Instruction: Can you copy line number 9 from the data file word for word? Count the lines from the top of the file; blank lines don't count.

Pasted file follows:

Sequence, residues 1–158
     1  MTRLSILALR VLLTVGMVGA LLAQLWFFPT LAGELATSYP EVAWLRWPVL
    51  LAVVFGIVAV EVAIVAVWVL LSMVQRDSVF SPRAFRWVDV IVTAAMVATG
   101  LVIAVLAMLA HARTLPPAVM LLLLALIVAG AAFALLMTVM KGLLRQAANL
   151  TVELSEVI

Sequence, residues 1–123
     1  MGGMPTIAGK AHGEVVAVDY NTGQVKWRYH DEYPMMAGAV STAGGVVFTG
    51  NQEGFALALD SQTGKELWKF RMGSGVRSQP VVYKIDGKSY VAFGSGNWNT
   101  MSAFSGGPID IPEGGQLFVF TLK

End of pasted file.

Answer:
   101  MSAFSGGPID IPEGGQLFVF TLK